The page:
To suggest the pandemic is caused by false positives is an untenable position. That's because evidence of the pandemic in the form of excess mortality (the number of deaths compared to the number of deaths on average for any given period of time) is not sensitive to whatever result a person received on a PCR test prior to death. The figure below shows weekly deaths (from all causes) in the United States from 2017 to the present compared to the average number for that week. It shows that deaths have significantly exceeded a normal year's totals every week since April 2020 and have been rising rapidly in just the last few weeks.

It goes without saying, but this is also a big blow to the "weekly death rates in the US are now lower than they normally are during an average flu season," line.

Are COVID-19 Vaccines Unnecessary Because of Herd Immunity?

  • The other reason you don’t need a vaccine for COVID-19 is that substantial herd immunity has already taken place in the United States. This is the primary reason for the end of the pandemic.

As previously discussed, the pandemic is not over. It is, in fact, getting worse.

Who Is Frank Shallenberger?

Shallenberger is both an M.D., licensed by the Nevada Board of Medical Examiners, and an alternative medical practitioner. The Nevada Board of Medical Examiners has reprimanded him twice. Prior to setting up a practice in Nevada, he was forced to surrender his earlier California license in response to several allegations against him. In addition to the ozone therapy claims made in this letter, Shallenberger has also recommended a related alternative treatment that involves breathing nebulized hydrogen peroxide as a COVID-19 cure in a March 2020 newsletter article.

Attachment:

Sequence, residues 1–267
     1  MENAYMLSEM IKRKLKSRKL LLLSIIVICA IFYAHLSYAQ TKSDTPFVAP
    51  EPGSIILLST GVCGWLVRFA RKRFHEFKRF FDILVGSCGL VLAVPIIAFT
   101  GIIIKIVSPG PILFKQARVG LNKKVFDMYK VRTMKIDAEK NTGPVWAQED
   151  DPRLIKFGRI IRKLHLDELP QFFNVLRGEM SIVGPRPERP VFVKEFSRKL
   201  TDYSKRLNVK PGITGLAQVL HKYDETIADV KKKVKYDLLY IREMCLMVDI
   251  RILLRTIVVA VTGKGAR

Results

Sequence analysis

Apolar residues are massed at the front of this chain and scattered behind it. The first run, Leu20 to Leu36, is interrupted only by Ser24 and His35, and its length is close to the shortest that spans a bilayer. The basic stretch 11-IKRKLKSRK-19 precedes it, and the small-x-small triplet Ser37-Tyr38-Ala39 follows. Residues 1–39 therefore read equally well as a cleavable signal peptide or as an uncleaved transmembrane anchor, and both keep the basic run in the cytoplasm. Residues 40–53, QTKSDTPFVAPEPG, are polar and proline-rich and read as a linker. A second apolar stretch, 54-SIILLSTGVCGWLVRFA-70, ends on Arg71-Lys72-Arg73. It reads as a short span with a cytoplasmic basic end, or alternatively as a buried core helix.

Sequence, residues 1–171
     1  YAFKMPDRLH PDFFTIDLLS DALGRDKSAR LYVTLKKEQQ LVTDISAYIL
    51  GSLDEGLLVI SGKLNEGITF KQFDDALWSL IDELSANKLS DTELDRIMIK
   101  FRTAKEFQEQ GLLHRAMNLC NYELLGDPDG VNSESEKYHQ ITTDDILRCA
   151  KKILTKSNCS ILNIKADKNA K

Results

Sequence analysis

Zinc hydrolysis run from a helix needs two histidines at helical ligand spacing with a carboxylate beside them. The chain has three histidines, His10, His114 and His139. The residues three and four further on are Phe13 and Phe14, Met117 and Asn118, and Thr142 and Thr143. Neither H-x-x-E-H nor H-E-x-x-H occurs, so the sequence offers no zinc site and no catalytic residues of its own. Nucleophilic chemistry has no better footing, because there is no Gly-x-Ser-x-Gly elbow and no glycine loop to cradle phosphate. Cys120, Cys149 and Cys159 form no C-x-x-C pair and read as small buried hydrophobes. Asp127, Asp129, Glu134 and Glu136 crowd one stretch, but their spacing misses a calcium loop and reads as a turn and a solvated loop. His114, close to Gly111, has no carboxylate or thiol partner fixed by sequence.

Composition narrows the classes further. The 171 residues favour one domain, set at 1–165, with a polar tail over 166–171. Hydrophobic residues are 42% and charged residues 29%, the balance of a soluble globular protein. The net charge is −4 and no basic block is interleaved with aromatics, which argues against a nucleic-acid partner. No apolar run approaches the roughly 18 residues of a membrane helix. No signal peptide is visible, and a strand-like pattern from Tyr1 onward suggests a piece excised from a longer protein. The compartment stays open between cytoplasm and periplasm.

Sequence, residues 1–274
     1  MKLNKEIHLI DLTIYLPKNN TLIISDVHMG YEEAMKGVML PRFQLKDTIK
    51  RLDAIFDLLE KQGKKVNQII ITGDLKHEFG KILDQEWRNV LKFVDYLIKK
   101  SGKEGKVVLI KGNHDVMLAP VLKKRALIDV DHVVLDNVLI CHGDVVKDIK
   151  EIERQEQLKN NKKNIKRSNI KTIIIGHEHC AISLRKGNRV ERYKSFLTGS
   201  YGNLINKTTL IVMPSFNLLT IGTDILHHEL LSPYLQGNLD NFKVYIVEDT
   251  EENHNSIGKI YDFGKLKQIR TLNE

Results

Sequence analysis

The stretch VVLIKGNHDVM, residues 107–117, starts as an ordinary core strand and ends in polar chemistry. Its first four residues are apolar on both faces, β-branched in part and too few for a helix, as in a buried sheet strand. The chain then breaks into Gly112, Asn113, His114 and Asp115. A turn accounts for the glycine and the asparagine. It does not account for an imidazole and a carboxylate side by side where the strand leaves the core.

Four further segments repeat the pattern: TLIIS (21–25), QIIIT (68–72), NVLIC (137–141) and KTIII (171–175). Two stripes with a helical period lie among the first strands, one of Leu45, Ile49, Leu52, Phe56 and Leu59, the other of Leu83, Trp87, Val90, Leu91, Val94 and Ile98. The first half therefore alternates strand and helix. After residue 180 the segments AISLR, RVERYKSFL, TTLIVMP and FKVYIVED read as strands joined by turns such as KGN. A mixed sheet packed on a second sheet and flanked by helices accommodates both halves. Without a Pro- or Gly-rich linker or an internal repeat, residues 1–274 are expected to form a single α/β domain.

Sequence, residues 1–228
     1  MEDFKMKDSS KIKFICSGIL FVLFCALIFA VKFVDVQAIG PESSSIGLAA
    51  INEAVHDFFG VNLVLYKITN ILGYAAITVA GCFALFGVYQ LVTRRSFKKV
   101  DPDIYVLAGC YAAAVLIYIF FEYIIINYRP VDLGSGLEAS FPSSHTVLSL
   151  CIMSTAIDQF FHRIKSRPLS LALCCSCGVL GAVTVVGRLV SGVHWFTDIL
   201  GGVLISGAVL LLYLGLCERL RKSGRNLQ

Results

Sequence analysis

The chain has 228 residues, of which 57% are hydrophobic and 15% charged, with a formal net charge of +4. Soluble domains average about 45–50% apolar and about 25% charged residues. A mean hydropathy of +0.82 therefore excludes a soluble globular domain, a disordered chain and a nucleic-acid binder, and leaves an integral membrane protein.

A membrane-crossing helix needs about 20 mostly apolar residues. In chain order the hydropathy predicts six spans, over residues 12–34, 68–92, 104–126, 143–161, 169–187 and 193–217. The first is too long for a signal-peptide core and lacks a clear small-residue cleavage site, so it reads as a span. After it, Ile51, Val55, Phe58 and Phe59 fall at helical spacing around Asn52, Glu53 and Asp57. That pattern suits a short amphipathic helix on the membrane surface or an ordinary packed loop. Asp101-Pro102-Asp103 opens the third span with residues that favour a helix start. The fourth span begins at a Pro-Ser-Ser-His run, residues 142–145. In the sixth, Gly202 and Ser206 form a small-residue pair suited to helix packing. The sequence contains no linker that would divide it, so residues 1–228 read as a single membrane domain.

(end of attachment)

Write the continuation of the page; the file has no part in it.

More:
At the end of the “Informed Vaccine Consent” post, Shallenberger wrote “you cannot completely trust what you hear from the media” because “they are all supported by Big Pharma and the other entities selling the COVID vaccines.” By this logic, his recommendation of “ozone therapy” shouldn’t be trusted either due to his own financial interest. Shallenberger considers himself to be the “godfather of ozone therapy in the United States,” owns a medical practice that specializes in the treatment, and he is the developer of a proprietary form of ozone treatment named Prolozone. He receives money certifying other alternative practitioners in the use of ozone.